Bopara’s Karachi Kings did not ‘deserve’ to advance into Pakistan Super League play-offs as Lahore Qalandars miss out

Karachi all-rounder acknowledges the luck factor and the pressures ahead of raising the bar in the play-offs as they edged out Lahore on the basis of head-to-head record.

Brad Haddin led Islamabad United’s reply with a half-century knock of 54 that was enough to beat Lahore Qalandars. Courtesy PCB
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DUBAI // What more could a small league of five teams want than for the last day of group games to open with two teams still in contention for one slot in the play-offs?

And moreover for those two teams to be the spikiest, longest-running city rivalry in Pakistan? Battling not only for the right to progress but also to avoid the ignominy of the wooden spoon?

That was the fate that awaited Lahore Qalandars and Karachi Kings when yesterday dawned on the Pakistan Super League (PSL), in Dubai for the last of the regular round of games; one the cultural capital of the country, the other the economic engine, both constantly tussling for the title of the country's most happening city.

By yesterday evening both had lost their last games but because Karachi had done the double over Lahore, so to speak, in their two round games, the port city it was that went through.

Not that they deserved it, as Ravi Bopara admitted after a five-wicket loss to Peshawar Zalmi. It was their sixth loss in eight games and followed the pattern of the others: an underwhelming performance with the bat, from an uncertain, constantly shuffled order.

Good as their bowling can be, defending 152 was never going to be easy. They got close yesterday until the veteran Brad Hodge intervened. He hit a powerful, accomplished 45-ball 85, turning the game on its head in the 16th over, when he took 23 runs off Usama Mir. “We’re obviously not satisfied,” said Bopara, who has pretty much carried the side by himself through the tournament.

“We’ve played poorly, I don’t think we deserved to go through the way we’ve played if I’m being brutally honest.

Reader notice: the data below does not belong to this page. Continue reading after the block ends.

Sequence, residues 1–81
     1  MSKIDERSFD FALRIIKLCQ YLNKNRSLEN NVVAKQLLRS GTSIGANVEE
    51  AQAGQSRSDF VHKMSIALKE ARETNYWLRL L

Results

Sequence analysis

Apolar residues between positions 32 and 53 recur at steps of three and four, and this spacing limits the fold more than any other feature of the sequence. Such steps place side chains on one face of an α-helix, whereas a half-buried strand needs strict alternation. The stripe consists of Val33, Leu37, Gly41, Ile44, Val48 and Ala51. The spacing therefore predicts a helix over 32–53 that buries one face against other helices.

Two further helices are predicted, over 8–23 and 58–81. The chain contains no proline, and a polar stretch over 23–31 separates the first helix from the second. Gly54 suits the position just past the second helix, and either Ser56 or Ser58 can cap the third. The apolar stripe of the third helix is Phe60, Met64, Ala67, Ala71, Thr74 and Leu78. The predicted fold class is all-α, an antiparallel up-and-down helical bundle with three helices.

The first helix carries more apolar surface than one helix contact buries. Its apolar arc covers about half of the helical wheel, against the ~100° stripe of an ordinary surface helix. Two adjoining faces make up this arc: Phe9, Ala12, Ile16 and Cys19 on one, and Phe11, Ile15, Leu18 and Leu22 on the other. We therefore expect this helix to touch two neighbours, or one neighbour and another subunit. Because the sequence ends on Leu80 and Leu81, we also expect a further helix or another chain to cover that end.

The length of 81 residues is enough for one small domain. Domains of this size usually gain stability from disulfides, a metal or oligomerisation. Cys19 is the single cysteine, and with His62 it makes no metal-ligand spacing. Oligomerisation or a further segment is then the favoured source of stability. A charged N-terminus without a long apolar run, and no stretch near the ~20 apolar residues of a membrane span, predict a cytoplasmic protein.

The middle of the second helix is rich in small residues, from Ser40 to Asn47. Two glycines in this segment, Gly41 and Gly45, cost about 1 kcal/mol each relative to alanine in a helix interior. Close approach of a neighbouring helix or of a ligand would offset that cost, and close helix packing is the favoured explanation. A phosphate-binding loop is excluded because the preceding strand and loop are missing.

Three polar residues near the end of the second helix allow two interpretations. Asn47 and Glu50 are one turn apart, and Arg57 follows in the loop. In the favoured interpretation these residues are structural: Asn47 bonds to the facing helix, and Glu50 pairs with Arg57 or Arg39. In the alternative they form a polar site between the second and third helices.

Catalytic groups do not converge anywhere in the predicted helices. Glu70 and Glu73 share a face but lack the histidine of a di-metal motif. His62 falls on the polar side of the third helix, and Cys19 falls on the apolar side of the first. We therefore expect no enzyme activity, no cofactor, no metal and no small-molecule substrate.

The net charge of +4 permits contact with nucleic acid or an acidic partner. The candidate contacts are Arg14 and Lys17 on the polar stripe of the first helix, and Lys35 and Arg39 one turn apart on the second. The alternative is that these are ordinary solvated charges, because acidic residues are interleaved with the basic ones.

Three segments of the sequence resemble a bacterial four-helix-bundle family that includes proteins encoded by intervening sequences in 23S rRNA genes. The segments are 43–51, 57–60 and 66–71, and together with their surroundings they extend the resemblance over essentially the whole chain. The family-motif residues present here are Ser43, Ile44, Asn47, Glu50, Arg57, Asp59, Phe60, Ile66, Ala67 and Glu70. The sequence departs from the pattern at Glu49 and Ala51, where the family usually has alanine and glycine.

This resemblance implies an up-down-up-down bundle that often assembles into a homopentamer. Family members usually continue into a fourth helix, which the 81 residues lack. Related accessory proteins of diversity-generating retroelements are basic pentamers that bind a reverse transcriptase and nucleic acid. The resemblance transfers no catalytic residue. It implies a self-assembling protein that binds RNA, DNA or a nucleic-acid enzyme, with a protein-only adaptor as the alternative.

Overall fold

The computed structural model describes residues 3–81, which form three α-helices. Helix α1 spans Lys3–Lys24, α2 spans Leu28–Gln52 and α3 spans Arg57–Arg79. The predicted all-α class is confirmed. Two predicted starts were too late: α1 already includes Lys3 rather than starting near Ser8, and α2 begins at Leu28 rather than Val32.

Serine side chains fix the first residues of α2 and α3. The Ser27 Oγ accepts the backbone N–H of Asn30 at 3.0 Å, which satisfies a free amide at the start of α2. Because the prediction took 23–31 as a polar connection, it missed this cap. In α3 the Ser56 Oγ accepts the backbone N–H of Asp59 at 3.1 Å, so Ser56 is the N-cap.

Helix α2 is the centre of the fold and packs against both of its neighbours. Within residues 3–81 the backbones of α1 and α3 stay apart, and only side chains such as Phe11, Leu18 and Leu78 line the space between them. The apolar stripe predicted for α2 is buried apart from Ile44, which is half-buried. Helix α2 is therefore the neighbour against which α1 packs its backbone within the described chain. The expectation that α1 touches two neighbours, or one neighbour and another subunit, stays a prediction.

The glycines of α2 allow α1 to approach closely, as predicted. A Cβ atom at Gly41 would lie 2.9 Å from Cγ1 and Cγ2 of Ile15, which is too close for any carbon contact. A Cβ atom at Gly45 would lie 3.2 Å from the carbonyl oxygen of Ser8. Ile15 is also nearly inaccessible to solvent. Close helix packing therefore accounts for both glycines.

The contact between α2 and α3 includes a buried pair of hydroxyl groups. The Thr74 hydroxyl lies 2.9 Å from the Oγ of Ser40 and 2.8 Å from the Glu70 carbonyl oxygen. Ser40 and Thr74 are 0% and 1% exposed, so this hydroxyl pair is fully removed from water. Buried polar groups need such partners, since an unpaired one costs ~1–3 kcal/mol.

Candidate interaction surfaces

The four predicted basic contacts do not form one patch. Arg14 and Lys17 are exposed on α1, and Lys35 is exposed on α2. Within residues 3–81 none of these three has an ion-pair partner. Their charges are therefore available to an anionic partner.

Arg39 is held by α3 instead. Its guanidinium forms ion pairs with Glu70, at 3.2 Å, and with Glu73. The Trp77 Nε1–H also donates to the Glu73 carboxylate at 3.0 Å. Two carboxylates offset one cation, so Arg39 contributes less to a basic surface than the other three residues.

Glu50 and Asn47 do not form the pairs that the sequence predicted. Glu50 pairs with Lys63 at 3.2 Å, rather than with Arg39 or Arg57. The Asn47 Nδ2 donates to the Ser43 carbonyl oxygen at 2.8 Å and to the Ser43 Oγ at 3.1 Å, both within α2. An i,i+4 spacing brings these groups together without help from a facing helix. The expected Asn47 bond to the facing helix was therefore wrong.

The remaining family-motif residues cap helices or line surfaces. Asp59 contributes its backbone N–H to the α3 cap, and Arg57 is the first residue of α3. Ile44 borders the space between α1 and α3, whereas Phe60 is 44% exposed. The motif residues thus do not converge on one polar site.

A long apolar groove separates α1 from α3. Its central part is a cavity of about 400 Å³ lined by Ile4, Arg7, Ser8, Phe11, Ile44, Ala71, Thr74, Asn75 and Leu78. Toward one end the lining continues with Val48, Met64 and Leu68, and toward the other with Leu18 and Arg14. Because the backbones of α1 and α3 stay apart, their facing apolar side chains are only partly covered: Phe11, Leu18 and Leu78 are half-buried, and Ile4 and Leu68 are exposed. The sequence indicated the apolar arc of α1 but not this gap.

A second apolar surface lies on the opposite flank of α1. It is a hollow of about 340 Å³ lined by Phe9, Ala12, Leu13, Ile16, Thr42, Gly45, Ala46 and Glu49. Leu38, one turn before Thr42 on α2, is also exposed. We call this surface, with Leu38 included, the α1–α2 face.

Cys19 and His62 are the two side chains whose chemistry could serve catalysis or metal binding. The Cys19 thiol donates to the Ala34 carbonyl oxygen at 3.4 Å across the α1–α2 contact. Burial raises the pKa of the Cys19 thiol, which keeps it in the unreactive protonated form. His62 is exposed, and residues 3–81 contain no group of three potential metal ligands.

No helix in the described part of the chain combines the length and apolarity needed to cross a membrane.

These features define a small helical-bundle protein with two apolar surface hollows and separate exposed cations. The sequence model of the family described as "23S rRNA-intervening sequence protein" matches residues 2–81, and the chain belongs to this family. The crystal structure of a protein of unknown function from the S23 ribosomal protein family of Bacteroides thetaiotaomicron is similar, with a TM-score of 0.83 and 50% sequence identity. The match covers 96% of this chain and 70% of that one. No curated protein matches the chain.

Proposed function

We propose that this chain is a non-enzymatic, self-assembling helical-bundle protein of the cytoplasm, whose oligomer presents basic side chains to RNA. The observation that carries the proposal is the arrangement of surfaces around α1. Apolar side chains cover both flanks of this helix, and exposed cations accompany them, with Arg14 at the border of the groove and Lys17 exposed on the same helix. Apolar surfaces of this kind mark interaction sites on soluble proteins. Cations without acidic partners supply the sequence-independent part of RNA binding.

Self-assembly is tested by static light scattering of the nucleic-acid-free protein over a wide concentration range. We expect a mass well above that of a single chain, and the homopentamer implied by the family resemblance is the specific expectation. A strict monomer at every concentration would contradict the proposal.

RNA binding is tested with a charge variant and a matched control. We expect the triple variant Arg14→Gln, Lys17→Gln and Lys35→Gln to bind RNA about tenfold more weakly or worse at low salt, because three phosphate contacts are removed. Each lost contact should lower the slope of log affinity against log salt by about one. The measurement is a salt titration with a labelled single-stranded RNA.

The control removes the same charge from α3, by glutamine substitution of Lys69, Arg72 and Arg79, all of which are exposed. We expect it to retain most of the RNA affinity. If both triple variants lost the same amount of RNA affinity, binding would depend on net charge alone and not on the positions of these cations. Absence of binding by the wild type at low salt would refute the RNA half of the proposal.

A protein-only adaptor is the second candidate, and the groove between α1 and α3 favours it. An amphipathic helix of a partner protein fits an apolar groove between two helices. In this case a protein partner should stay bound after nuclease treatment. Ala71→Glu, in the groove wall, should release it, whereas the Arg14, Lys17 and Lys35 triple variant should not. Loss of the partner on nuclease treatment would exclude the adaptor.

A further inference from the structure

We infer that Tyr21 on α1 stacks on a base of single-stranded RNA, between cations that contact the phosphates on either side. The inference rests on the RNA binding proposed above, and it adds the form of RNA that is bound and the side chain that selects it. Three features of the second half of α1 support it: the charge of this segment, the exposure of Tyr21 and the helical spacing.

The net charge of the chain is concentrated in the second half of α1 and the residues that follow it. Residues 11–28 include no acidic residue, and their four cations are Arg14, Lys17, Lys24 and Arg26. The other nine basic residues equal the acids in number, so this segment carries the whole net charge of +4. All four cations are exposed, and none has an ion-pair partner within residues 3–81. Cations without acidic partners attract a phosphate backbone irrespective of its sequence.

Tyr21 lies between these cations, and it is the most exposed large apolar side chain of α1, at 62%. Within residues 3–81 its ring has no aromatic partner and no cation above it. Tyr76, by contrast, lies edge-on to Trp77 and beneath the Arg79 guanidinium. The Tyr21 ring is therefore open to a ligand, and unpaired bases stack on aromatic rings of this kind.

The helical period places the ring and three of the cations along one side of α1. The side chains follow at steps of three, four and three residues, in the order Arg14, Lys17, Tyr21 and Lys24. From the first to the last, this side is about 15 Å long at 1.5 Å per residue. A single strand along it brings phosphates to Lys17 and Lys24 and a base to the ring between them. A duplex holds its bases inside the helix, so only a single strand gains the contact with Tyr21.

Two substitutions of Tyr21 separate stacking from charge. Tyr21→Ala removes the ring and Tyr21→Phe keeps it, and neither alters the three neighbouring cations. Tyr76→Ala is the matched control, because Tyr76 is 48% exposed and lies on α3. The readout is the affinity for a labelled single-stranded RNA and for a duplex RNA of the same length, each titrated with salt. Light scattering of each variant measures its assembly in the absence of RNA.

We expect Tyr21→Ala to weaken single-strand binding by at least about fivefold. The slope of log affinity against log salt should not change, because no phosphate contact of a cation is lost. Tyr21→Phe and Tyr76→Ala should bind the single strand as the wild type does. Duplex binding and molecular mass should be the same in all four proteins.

“But this league, four teams go through no matter what and you don’t know what can happen in the play-offs. It’s a lot of pressure, the knockout stage. We’ll see what happens under pressure.”

Lucky for them, Lahore have been poorer.

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As was again highlighted in the evening defeat to Islamabad United, their bowling attack is all but non-existent.

On Tuesday night they had failed to defend 202 against Quetta Gladiators.

They have just one bowler in the top 10 wicket-takers and of their front line bowlers, only one, Ajantha Mendis, has gone for less than eight runs an over.

They have at least possessed a grand consolation in Umar Akmal, who ended this stage of the tournament as its leading scorer.

He was unbeaten on 72 against Islamabad, a third successive fifty and all three without being dismissed, a run of 179 runs undefeated in all.

Had it not been for him, Lahore would have crumpled. They were six for three, before the must-win game had even begun. But Sohaib Maqsood and Akmal came together in an eminently sensible and stylish 97-run stand that took them to safety.

Akmal ended the innings with a six, the kind only he can play in all of Pakistan, a full-length ball angling away outside off was hoicked into the deep midwicket stands. That got them to a nice, round 150.

Islamabad conspired to make it a trickier chase than it was, but it was never in real doubt. They got home with six balls and five wickets to spare.

If only, remains the thought, Karachi could have Lahore’s batting, or Lahore Karachi’s bowling. Combined that would be a decent side. ​

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